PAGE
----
The Minnesota Fringe was started in 1994 and struggled to find an audience its first few years. Founder Bob McFadden got tired of pushing the rock uphill, and in 1998, Dean Seal took over. He made Minnesota the largest nonjuried festival in the U.S., boosting attendance from 4,400 his first year to 28,000 four years later.

Seal expanded the number of shows in the Fringe, introduced an “ultrapass” that allowed patrons unlimited tickets to shows and moved the festival from springtime to late summer.

“With the ultrapass, people could see more shows,” Seal said. “We didn’t expand the audience base, but we sold more tickets.”

Seal was also a tireless promoter, introducing pre-Fringe showcases and codifying best practices for performers.

Leah Cooper took over in 2001. She continued Seal’s expansion and retired long-standing debt. She also brought critical software expertise — “Leah put it on the internet,” said Seal — and pushed more partnerships.

Larson has been with the Fringe more than a decade. He assumed leadership when Robin Gillette stepped down after seven years at the helm. Ticket sales have plateaued at about 50,000, but revenue continues to rise, and the festival’s annual budget is now $780,000, about 75 percent of that earned income.

Orlando has surpassed Minnesota for second place, though. “Imagine all the fringe venues were surrounding Loring Park, and you had food and drink vendors in the park,” Larson said. “That’s what Orlando has, and geographically we can’t match that. Orlando also has plugged into a huge LGBTQ community. It almost feels like another Pride event.”

Stubbornly what it is

If you want to start a fight, suggest loudly that the Fringe should be a juried festival — as it is in New York. The Fringe is religious about avoiding any kind of quality control.

“I hired Jeff Larson as a tech director, and I remember him saying, ‘We start on time, and after that it’s anybody’s guess,’ ” Seal said. “And that’s a good summary. I don’t want anyone to tell me what to put on stage.”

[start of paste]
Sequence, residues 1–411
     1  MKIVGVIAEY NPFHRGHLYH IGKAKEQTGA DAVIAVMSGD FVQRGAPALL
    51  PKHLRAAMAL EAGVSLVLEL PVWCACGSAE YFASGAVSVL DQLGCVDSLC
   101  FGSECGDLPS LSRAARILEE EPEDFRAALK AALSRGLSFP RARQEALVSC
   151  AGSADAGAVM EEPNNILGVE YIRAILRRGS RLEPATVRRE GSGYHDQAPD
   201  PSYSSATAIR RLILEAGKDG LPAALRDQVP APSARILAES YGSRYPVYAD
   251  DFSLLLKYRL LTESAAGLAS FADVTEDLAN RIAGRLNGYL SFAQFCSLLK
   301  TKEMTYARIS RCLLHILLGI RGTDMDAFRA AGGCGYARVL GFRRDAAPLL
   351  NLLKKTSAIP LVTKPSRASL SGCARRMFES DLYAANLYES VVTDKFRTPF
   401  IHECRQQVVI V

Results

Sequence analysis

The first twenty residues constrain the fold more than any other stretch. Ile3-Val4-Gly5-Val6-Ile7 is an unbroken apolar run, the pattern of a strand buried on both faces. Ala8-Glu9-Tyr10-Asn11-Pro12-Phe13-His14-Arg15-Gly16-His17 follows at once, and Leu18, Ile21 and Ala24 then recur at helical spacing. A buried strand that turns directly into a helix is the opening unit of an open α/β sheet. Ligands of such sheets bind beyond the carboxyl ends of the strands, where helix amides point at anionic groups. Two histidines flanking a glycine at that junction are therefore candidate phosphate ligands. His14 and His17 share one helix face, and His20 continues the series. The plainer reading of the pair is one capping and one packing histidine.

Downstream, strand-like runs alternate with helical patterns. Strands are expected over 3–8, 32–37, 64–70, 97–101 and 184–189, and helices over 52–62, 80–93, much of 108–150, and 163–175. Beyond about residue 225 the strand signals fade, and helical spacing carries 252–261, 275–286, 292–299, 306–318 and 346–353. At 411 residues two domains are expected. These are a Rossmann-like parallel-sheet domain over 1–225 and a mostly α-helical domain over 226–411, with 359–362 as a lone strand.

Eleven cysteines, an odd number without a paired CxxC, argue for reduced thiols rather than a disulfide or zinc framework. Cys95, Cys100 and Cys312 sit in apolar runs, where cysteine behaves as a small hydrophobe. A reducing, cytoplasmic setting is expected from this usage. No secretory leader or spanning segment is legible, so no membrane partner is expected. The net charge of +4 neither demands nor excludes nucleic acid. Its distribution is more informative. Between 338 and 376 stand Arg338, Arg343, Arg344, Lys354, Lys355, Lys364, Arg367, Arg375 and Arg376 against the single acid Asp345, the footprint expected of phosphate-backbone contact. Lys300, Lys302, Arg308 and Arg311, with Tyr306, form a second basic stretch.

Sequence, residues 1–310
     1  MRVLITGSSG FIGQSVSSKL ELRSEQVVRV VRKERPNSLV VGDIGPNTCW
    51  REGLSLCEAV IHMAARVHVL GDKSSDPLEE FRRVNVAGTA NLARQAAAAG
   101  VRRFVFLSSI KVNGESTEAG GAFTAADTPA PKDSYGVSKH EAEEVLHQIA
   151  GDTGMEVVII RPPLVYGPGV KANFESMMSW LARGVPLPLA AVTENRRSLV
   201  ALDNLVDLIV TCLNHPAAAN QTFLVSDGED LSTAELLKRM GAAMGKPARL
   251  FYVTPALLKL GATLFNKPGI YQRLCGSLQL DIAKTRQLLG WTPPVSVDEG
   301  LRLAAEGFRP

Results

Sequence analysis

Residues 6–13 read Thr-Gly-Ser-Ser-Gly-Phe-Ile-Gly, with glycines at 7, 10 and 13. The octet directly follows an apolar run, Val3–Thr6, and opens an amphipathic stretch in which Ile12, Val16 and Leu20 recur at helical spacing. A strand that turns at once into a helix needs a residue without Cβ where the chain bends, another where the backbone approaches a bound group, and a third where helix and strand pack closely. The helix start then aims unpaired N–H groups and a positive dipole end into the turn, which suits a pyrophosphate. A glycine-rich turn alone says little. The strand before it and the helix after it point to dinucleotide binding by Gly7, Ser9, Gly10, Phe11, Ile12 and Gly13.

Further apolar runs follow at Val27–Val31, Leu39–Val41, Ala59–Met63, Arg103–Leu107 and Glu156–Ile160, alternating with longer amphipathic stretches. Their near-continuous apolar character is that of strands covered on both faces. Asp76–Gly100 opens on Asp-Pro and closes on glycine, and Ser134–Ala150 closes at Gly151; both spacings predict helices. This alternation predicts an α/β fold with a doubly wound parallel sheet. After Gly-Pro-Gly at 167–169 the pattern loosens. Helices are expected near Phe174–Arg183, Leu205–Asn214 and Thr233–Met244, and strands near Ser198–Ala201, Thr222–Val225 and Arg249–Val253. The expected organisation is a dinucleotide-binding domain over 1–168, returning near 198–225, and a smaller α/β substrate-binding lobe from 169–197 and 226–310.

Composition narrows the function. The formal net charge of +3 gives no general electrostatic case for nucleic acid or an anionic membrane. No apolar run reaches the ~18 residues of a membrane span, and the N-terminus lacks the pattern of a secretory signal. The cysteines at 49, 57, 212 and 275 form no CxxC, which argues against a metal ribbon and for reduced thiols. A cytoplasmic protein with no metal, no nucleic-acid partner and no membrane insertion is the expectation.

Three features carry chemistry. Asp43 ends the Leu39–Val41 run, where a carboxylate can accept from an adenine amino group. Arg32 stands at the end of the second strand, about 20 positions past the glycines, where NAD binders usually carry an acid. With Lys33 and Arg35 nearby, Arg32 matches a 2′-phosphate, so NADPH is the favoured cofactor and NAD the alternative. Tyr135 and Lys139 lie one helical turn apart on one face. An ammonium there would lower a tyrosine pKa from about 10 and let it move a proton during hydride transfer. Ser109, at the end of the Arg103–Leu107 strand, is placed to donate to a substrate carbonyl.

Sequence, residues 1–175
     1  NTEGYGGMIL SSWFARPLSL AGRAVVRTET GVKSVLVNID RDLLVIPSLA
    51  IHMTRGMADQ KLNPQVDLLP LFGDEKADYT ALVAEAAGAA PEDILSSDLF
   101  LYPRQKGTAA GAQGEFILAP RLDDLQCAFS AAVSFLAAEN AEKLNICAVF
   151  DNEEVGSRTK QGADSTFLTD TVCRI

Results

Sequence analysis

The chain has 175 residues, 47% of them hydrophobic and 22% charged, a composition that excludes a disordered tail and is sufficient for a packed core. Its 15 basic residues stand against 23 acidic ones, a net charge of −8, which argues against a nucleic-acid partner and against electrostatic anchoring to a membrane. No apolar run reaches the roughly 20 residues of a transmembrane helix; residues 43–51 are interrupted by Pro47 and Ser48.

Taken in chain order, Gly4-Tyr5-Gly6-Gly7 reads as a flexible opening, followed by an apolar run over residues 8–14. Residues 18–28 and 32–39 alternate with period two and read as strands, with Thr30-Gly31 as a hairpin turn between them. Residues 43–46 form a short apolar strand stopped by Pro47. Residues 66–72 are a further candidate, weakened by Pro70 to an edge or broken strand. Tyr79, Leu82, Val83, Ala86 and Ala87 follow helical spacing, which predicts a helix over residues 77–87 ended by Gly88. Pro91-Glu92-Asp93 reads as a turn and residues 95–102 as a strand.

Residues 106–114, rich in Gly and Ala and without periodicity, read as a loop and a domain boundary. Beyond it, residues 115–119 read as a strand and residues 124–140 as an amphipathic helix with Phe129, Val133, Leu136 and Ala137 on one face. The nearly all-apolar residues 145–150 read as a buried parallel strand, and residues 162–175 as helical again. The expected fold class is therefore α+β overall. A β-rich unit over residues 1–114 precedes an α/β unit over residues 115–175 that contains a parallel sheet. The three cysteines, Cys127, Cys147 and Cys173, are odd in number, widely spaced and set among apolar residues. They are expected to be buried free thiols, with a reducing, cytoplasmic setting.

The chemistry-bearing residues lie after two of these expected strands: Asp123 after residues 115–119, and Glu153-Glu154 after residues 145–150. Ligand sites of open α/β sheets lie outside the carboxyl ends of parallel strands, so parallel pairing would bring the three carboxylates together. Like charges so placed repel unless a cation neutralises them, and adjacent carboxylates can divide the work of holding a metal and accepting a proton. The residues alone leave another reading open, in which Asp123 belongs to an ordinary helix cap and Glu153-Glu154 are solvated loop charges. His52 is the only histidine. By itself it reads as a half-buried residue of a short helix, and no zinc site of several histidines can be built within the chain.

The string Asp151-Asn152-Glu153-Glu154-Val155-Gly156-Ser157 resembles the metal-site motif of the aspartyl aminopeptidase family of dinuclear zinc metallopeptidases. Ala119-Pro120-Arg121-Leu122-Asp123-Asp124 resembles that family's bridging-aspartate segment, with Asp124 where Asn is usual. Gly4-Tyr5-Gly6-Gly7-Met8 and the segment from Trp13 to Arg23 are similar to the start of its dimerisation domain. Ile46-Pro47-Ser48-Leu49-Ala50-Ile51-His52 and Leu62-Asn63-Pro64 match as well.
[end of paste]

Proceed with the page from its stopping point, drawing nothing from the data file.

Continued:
More significant than a jury is the court of public opinion. The Fringe, for all its egalitarian and democratic impulses, is a wonderful study in survival-of-the-fittest economics. With teeming crowds sharing likes and dislikes out in the lobbies (and on social media), a show’s fortunes can rise or fall faster than a penny stock.

Often, those crowds have been stuck in long lines waiting for tickets — a process that is perhaps the festival’s biggest frustration. This year, the ultrapass and individual show tickets are gone. In their place are day passes, involving wristbands and — Larson suggests — less of a chance you might get stuck in the wrong line at a busy venue and not find out until you reach the ticketing table. It happens.

Ticket sales and sidewalk anecdotes will tell whether the new policies ease the chaos of getting people into and out of shows. “We’re the first to try this,” Larson said.

So that much is new. What is the same? The barrage of 850 performances that guarantees you only one thing: In one hour or less, you will be ushered into the sunlight, blinking and wondering what’s next. In an age of YouTube, Netflix binge watching, Instagram and however many channels can fit on a satellite dish, the Fringe Festival has led and continues to ride the wave of a fracturing arts and entertainment world.

“People like bite-sized versions of things,” Larson said.

Lots of them.